Records released in response to American Oversight’s request for communications between the Centers for Medicare and Medicaid Services and the White House. The responsive records span March to May 2020. Key highlights are below.
Activities of White House and Public Health Officials
March 17, 2020: Marc Short, Vice President Mike Pence’s chief of staff, sent an email to former Pence aide Olivia Troye, former Domestic Policy Council Director Joe Grogan, presidential special assistant Maria Bonner, and CMS Chief of Staff Brady Brookes with the subject line “Medicaid decision paper.”
March 25, 2020: Grogan, Brookes, and CMS Deputy Administrator Randy Pate exchanged emails about “EOP comment on SEP guidance,” likely regarding the president’s March decision not to open a special enrollment period for Healthcare.gov. Most of the content is redacted.
On the same day, an individual whose name is redacted sent an email with the subject line “CMS Updates” to Short; Grogan; White House Senior Adviser Jared Kushner; Hope Hicks, counselor to the president; Katie Miller, the vice president’s communications director; Devin O’Malley, the vice president’s press secretary; Deborah Birx, the White House Coronavirus Task Force coordinator; and Pete Gaynor, administrator at the Federal Emergency Management Agency. Birx’s reply is almost entirely redacted other than “Seema” at the beginning of the message, possibly indicating the first sender was CMS Administrator Seema Verma.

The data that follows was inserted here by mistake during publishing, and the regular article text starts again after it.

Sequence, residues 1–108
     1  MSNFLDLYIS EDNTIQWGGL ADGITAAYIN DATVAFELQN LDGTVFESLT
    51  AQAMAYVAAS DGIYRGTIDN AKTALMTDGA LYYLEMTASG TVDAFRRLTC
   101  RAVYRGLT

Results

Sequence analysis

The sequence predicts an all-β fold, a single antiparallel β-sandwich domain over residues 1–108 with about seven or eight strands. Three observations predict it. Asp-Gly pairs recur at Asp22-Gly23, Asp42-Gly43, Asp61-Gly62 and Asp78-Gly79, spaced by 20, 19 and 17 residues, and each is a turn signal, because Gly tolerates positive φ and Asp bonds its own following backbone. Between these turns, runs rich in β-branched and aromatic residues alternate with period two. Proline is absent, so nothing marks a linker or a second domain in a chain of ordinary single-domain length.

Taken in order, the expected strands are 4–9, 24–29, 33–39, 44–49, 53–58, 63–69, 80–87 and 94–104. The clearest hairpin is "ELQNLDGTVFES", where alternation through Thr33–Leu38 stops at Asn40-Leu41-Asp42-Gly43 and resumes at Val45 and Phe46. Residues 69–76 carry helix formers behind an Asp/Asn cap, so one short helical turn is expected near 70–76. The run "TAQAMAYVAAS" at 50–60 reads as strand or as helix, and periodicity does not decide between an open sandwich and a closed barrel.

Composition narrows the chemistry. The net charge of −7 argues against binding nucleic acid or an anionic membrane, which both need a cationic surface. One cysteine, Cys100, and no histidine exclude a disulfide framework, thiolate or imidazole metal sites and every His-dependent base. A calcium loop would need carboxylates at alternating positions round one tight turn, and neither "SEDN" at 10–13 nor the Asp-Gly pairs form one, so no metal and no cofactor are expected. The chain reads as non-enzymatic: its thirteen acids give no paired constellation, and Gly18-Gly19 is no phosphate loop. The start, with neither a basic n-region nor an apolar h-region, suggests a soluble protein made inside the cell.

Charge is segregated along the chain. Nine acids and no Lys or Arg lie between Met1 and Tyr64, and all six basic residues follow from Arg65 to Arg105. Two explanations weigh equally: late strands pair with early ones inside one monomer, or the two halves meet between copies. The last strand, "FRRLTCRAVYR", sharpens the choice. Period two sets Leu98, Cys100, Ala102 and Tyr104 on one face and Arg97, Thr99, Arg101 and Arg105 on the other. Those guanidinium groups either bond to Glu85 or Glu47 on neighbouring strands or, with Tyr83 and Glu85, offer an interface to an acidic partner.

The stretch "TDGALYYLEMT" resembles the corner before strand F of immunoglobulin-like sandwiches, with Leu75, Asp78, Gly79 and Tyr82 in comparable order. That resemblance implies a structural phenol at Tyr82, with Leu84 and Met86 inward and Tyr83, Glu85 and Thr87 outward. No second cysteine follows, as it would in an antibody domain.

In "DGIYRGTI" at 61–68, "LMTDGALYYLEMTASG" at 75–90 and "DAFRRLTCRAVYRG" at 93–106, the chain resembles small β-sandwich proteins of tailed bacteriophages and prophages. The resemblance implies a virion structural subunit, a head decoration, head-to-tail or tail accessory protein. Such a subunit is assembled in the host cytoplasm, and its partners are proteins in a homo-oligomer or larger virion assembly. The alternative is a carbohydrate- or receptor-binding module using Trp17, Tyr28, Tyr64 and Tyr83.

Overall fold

March 28, 2020: In an email with the subject line “Data Reporting to Hospitals,” Brookes circulated a link to the Centers for Disease Control and Prevention’s National Healthcare Safety Network. This data reporting network was later replaced by the “HHS Protect” system, which has faced allegations of inefficiency and lack of reliability.
April 6, 2020: An email from this day referred to a call with CEOs regarding serology tests. Participants included Birx, Verma, Grogan, the Food and Drug Administration’s Stephen Hahn, Surgeon General Jerome Adams, National Institute of Allergy and Infectious Diseases Director Anthony Fauci, Health and Human Services Assistant Secretary Brett Giroir, and CDC Director Robert Redfield. After the call, Hahn flagged several follow-up actions and offered to be the “point of contact” for AvaMedDX, a trade association for diagnostics manufacturers.